Alphabet's Verily wields the axe, cutting staff and projects


Verily's new chief executive Stephen Gillett has lost little time in making his mark on the company, announcing a cull of 15% of its workforce and a new strategy just over a week after taking the helm.

The life sciences unit of Google parent Alphabet – which raised $1 billion back in September to fund its precision health agenda and business development activities, including possible acquisitions – said the move would allow it to streamline its operations.

Part of that will involve taking fewer projects forward, said Gillett in a blog post, with most of the layoffs tied to those that have failed to make the cut. Top of the list is the Verily Value Suite analytics platform – designed to help health systems deliver personalised patient care – and various early-stage programmes, including "remote patient monitoring for heart failure and micro needles for drug delivery."

Verily currently has around 1,600 employees, so a back-of-the-envelope calculation suggests the axe is falling on around 240 positions.

It is thought to be the first time that an Alphabet company has downsized its workforce, although cutbacks have been coming in other tech giants, including Facebook parent Meta and Amazon.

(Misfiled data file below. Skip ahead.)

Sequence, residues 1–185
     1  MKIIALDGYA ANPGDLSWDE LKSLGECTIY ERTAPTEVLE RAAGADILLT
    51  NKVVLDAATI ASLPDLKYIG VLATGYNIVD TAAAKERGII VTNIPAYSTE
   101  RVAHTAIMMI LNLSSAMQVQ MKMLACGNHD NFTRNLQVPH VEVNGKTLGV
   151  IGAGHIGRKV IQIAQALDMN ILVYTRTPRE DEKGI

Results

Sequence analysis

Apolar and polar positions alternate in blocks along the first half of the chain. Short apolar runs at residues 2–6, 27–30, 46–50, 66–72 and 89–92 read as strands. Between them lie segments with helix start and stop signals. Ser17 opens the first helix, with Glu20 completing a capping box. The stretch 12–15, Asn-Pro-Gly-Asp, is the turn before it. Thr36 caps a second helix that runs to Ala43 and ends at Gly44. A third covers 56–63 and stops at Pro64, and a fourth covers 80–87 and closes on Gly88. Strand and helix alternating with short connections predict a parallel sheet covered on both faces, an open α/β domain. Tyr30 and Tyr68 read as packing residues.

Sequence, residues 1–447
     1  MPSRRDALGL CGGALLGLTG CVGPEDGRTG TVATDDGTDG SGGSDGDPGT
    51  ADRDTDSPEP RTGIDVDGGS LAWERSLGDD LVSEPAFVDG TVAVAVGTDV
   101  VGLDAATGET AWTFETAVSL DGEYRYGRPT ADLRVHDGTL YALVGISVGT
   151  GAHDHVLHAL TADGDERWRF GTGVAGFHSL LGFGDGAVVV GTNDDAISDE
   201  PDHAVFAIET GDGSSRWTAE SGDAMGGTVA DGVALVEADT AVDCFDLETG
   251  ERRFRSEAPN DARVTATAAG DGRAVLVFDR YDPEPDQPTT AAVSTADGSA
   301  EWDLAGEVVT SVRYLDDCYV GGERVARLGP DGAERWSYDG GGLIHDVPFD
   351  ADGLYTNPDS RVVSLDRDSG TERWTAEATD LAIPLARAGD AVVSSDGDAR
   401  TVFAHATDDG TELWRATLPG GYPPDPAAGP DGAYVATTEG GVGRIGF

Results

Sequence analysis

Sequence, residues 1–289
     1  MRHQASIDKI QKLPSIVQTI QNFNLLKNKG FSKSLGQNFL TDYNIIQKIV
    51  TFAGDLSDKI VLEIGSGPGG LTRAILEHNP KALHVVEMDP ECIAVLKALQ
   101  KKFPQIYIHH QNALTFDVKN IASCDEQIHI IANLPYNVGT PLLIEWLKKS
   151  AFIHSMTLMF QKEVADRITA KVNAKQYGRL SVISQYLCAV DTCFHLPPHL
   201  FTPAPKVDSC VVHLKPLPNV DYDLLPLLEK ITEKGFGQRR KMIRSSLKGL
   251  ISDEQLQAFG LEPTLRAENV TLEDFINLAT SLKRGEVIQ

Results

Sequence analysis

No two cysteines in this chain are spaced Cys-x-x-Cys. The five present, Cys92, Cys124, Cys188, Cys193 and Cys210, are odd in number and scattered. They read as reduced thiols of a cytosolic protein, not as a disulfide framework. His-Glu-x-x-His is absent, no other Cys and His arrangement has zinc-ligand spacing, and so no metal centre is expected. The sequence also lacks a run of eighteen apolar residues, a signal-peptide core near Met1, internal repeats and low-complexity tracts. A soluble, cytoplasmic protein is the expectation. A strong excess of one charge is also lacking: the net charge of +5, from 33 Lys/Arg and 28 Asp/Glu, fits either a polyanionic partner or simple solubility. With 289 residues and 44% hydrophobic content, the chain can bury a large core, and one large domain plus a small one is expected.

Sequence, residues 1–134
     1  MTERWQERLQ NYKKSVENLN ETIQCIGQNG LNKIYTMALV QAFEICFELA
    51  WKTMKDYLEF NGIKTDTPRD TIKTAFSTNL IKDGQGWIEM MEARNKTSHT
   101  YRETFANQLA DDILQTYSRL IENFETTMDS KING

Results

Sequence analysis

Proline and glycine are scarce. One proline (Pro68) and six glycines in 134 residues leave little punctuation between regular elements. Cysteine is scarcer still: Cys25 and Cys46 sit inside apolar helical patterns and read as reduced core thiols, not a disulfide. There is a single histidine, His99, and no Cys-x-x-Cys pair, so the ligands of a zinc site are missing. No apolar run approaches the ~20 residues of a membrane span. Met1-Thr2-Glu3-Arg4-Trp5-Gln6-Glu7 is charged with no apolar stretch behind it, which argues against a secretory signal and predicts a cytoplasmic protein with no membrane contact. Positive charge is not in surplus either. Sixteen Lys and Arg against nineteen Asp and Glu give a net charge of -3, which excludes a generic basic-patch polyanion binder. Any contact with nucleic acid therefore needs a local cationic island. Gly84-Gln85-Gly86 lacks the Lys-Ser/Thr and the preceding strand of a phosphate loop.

[caption id="attachment_105485" align="alignright" width="180"] Stephen Gillett[/caption]

Other changes include a move from multiple lines of business to "one centralised product organisation with increasingly connected healthcare solutions," according to the new CEO, who replaced company founder Andrew Conrad on 3rd January.

Verily's direction will move towards "becoming the data and evidence backbone for precision health" focusing on products and services designed for clinical trial sponsors and research sites, as well as personalised care solutions that support patients with chronic conditions and engage patients in clinical research.

The shake-up also includes some changes in the C-suite, including the elevation of former FDA staffer Amy Abernethy to the position of chief medical officer and president of product development, and the departures of former CMO Jessica Mega and president of health platforms Vivian Lee, according to a Stat report.

There are also new roles for chief technology officer Scott Burke, who will have his responsibilities expanded to include hardware engineering and devices, as well as chief revenue officer Lisa Greenbaum, who becomes chief commercial officer covering sales, marketing, and corporate strategy.

The current president of Verily's devices business, Jordi Parramon will leave the company later this year, but will stay on as an advisor during a transition period.

Gillet said more details about the new organisational structure and strategy at Verily will be revealed at an update on 18th January.

"Our path forward is driven by the need to make deliberate choices about where we can have the greatest impact in precision health and to put ourselves on a faster path to sustained commercial success," he said.

"It's about accelerating the things that are working best and that customers need the most."